Curious what the future of medicine will look like?  According to this recent article on, it appears that for many physicians it will involve a boss, a timeclock and a steady paycheck.  Not surprisingly, as the legal and administrative burdens of running a private practice continue to increase, more and more seasoned physicians are making the leap to hospital employment.  And, according to the CNBC article, it appears that a new generation of physicians is bypassing the private practice model altogether and heading right into hospital employment.

Unfortunately, in my experience, many hospitals are not prepared to accommodate physician employees on a large scale and often lack the expertise to manage physician practices efficiently.  After all, hsopitals are in the business (often not-for-profit) of running hospitals, not doctors’ offices.  As a result, hospital-owned physician practices can quickly become money-losing propositions.  While some hospitals may be willing to subsidize physician practices for a period of time, in my experience, they may try to play “catch-up” in the contract renewal period – imposing unrealistic performance targets on physicians or tying compensation to expenses or other factors beyond physician control.

Hospital employment can be a long-term career option but physicians should understand that most initial hospital employment terms will be less than 5 years and are commonly only 3 years.  It is critical therefore that when negotiating your initial hospital employment agreement, you try to build a framework for negotiation of renewal terms.  This may involve caps or floors on compensation adjustments, realistic performance criteria and mechanisms to overcome negotiation impasses such as reliance on independent third party valuation experts.

If you’re like most physicians, you have probably given some recent thought to selling your practice or merging with one or more other groups.  If you are part of a group practice, it’s quite possible that all members of the group might not agree on a single course of action.  Keep in mind that even if your corporate agreements say that "majority rules", dissenting shareholders may have certain rights under state law, including the right to fair value for their shares in the practice.  For an idea of what can happen if these dissenter’s rights are ignored, have a look at this recent article on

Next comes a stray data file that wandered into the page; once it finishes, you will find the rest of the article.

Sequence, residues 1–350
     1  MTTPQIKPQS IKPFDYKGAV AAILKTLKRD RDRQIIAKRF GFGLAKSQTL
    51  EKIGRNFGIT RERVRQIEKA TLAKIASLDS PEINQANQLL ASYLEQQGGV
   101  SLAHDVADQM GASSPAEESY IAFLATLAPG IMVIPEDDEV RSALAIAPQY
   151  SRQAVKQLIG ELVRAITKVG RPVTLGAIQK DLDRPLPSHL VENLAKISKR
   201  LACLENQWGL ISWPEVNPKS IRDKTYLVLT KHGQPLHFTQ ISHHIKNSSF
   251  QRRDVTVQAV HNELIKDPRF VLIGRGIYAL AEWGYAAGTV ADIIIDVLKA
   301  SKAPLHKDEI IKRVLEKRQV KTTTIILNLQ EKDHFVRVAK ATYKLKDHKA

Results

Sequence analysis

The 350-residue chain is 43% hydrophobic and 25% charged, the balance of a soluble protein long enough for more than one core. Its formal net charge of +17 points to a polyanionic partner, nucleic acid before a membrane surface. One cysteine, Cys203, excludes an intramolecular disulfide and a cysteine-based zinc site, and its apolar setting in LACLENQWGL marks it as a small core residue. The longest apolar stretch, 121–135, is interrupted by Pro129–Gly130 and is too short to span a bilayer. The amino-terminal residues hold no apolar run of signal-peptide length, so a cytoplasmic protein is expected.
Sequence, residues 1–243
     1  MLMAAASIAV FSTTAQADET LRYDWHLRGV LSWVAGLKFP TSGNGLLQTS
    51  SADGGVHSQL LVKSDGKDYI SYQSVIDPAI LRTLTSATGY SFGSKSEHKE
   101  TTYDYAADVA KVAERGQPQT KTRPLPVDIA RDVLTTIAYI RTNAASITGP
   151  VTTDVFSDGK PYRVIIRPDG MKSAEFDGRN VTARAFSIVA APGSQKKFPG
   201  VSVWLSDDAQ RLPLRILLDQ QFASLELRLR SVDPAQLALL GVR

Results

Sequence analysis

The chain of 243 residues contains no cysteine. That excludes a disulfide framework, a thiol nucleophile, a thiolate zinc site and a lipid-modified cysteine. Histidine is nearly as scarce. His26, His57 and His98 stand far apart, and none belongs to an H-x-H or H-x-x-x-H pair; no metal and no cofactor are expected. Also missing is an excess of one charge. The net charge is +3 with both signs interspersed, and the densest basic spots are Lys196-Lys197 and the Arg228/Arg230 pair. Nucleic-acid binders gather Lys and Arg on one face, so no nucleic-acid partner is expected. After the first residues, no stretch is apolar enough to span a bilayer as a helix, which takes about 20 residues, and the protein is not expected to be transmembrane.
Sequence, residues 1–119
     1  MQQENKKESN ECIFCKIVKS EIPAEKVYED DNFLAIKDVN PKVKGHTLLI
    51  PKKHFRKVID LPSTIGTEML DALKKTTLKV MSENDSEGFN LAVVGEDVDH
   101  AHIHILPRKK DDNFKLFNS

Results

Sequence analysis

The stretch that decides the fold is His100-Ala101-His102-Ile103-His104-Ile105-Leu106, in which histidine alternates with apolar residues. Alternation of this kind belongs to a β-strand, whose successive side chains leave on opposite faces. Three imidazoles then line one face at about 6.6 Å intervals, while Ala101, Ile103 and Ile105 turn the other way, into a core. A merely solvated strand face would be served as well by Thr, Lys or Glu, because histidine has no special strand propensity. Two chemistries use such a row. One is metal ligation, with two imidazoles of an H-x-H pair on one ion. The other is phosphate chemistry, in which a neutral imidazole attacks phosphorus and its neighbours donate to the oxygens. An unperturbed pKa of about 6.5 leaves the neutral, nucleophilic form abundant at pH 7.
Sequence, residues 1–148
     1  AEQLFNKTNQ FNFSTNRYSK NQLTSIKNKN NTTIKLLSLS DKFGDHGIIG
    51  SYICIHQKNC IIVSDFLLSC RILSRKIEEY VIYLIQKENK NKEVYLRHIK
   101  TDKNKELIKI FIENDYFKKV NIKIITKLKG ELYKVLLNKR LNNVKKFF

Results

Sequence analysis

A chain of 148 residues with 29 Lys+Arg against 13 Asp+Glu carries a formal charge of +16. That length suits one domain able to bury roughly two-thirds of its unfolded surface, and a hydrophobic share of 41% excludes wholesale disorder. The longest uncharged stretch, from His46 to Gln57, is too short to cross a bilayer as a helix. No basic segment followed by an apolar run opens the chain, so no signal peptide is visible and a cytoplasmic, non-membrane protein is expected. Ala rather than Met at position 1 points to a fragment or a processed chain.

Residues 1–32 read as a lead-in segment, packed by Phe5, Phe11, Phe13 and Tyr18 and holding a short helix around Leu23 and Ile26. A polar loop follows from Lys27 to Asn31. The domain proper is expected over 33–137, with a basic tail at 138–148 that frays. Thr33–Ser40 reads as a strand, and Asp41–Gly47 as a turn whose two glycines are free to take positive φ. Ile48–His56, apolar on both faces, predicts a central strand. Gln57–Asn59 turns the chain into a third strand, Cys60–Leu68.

There’s an interesting piece in the Miami Herald today regarding hospitals once again acquiring physician practices. The article raises some good questions regarding the motivations underlying this growing (recurring) trend and suggests that it might be more about control than preparing for a "reformed" health care system. The article also questions whether hospitals will be any more successful this go-round in managing the acquired practices than they were in previous attempts.

I frequently represent both hospitals and physicians in practice acquisition transactions. In my experience, only a handful of hospitals and health systems have a true plan for how they will integrate the practices they are acquiring in a manner that will improve the delivery of healthcare. To be sure, how best to integrate providers to improve care is not an easy question to answer. I find, however, that the "smart" hospitals and health systems are willing to acknowledge that physicians should be involved in the development process and that they (the hospitals) do not necessarily have all the answers for how best to accomplish that goal.

If you are considering selling your practice to a hospital, or you are a hospital looking to integrate the physicians in a thoughtful way, consider whether it makes sense to begin the process with a dialogue about where each party envisions the relationship to be several years in the future. If you can reach consensus on where you want to end up, you can then structure a transaction which is specifically designed to get you there.